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Fort Portage
A Historical Fort In Wood County That Has Long Since Disappeared

Where is Fort Portage?

Probably not one person in Wood county today is aware that such a fort ever existed in Wood county. Everybody knows of Fort Meigs, but Fort Portage has been lost to the memory of even the oldest living inhabitants of Wood county, yet Fort Portage once existed within our borders, and was an important place even before Fort Meigs was thought of, and its remains were plainly visible as late as 1830.

We have in our possession a rare old book Ė the property of C. W. Evers, that veteran searcher after early history, who will some day leave to the people of this country a rich legacy in the way of pioneer recollections. The book bears the following quaint title page:

"The Ohio Gazetteer and Typographical Dictionary containing a description of the several counties, towns, villages, settlements, roads, rivers, lakes, springs, mines, etc. in the state of Ohio, alphabetically arranged by John Kilbourn, published and sold on High st., a few rods from the State House. Printed in Columbus by P. H. Omsted in 1821."

Looking over this rare old book the other day we found this:

"Fort Portage, a block house, sometimes denominated a fort, on Portage or Carrying river, on the route from Fort Findlay to Fort Meigs; 18 miles southernly from the latter, and 29 miles north from the former."

Now where was Fort Portage and by whom was it built? The distances given are evidently wrong, for the distance between Findlay (Fort Findlay) and Fort Meigs, is only about 33 miles, but the mistake was one easily made for in those days there were no railroads, no wagon roads and very few land marks.

Fort Portage was located on the west branch of the Portage, a few miles up the river from Portage village, on what is now the Knaggs farm. As late as 1835 a few of the timbers of the stockade were still standing and the outlines of the old fort can still be traced.

By whom was it built? That is hard to say. The probabilities are that it was constructed by the early French traders long before Hull passed through this country in 1812, but it is claimed by some that Hull built it for the use of his sick men whom he was compelled to leave among the hostile Indians, while en route to Detroit.

Seeking the best source of information concerning the fort, the Sentinel wrote to Hon. D. W. Howard, of Wauseon, about it, and received the following letter in reply:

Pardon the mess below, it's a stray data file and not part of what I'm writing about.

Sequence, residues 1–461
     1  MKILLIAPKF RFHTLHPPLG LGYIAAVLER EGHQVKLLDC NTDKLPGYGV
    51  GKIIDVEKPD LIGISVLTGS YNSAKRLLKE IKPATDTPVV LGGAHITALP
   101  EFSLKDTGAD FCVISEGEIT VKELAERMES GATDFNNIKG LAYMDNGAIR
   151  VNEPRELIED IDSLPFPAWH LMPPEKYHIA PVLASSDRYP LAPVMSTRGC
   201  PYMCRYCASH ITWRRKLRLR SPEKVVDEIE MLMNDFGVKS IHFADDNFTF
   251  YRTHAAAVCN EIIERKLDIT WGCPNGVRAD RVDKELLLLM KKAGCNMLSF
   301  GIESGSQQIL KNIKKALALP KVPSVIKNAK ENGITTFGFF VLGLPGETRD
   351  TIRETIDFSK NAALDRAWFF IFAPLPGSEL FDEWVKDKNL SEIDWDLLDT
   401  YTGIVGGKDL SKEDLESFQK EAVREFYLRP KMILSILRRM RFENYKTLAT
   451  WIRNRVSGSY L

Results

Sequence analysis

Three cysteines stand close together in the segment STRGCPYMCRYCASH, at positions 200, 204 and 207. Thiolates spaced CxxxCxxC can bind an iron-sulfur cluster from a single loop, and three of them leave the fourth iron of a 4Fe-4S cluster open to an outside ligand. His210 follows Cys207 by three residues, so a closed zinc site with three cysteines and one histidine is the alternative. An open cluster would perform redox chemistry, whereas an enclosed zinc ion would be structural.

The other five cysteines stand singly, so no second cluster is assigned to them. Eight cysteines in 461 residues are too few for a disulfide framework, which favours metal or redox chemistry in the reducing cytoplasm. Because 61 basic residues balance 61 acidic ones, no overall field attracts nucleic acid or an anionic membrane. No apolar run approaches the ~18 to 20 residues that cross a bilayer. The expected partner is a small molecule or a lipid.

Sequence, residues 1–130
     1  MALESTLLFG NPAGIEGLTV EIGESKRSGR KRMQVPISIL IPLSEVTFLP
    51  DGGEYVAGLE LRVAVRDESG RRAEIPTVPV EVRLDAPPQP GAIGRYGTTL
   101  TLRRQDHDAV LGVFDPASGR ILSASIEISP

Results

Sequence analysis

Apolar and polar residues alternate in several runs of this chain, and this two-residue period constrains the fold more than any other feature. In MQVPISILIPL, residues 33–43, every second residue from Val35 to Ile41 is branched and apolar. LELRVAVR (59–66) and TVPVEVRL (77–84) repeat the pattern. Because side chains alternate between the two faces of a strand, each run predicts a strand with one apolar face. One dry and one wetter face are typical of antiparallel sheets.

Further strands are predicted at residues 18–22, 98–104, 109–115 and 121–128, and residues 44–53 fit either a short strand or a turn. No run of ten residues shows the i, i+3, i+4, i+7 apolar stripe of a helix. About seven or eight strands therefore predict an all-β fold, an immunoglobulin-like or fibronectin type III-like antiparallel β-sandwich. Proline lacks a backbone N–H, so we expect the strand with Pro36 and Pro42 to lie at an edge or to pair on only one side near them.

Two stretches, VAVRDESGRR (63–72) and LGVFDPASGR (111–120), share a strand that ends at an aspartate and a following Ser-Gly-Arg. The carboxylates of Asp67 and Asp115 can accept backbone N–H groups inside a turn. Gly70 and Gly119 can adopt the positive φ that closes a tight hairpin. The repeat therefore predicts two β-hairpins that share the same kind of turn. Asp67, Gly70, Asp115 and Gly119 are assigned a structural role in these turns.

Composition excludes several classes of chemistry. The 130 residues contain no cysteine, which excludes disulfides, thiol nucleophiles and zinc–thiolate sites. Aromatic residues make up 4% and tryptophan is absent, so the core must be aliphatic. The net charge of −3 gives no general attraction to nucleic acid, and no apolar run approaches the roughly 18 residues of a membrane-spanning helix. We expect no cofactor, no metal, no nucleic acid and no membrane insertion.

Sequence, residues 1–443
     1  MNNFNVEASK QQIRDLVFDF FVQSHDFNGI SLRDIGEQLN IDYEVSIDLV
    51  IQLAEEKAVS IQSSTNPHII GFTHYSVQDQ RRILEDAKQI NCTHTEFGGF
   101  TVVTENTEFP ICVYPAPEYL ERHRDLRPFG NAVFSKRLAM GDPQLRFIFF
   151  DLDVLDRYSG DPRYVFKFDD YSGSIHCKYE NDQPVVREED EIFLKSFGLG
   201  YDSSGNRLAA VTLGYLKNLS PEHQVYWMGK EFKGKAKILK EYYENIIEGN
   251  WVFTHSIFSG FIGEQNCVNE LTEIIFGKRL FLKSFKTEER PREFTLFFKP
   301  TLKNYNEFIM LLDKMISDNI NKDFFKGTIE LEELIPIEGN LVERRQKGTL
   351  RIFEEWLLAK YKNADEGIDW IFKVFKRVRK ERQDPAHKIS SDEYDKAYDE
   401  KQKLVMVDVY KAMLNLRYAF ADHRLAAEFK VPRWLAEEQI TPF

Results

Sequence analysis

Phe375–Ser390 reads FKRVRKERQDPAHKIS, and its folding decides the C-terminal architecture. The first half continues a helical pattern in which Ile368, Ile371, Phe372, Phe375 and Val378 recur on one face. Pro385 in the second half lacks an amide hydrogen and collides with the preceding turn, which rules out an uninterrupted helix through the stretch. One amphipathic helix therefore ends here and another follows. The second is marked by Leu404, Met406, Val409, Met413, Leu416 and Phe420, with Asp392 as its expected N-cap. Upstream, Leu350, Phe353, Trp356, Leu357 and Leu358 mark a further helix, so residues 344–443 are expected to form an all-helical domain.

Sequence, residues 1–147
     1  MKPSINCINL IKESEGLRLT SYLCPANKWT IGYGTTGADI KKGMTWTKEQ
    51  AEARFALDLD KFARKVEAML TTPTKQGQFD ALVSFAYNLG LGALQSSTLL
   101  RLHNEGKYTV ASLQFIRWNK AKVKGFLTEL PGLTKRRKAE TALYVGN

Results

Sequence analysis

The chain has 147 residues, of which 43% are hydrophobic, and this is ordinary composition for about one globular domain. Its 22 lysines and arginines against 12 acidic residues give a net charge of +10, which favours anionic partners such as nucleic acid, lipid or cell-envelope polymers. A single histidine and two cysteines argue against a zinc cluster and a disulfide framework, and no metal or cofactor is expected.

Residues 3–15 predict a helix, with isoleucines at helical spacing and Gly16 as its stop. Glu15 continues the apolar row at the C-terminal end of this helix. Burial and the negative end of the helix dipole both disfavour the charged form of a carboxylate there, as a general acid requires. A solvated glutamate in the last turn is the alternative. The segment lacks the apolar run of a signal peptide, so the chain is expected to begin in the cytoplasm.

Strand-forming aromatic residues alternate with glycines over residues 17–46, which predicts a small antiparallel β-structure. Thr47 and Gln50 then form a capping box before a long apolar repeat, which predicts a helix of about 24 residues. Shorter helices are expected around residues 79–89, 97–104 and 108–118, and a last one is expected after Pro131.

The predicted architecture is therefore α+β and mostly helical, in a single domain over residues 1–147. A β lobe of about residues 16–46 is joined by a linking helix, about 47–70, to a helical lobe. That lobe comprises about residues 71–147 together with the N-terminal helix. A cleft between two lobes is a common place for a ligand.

Wauseon, Oh, April 18, 1891

Ed. Sentinel: Your kind letter, and paper, with copy of my letter of the 11th, received, and in reply to your editorial you have corrected that which I intended to do in my letter, but in my hurry, neglected to do so. The word "Portage" is French for "carry", "carrion" is the Yankee or white-man, for "Portage". In the early days the "Carrying" (or Carrion) river was the name usually applied, when speaking of the stream, as that was the English, and "Portage" used by the French traders.

The "Block House" you speak of, I have passed many times when a boy, and camped near its walls, and always thought it an old French traderís fort; yet it was near one of the trails used by Hullís army, but I cannot vouch for the truth of this, but this is a matter of history. The swamps and streams were always full, and goods and furs were taken by canoes up or down the Portage and the Beaver, and carried across from the head waters of one stream to another. The "old trail" across was a well beaten track, the two streams furnished early communication (nearly all the way by water) from the villages on the bay at the mouth of the Portage river, to the large and important Ottawa village of the chief Gein-jo-i-no, on the left bank of the Maumee, opposite the mouth of Beaver creek (o-mick-oe-pe). This route, although much farther than via, of the Maumee, on account of the almost continuous rapids for 18 miles, was more convenient.

Hull may have built the block house, as I have often heard the story form the older Indians, that the "White Chief" (Hull) had left some of his sick and foot-sore soldiers in a small stockade in the swamp, who returned south over the trail after they had sufficiently recruited, and this may have been the place. I think there was something of the report, as I asked the Indians why they did not scalp the disabled men and the reply was the "no brave would scalp a sick soldier."

Speaking of the Portage, you will observe that the west branch of the Portage, and east, or south branch of Beaver creek are not very far apart.

Very truly,

D. W. H. Howard.

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Like me, you may remember seeing a historical marker along the west side of route 25, just south of Portage. The marker had a brass plaque that told about the fort and its location. It was there when I was in grade school, but the sign, like the fort itself, is no longer in sight.

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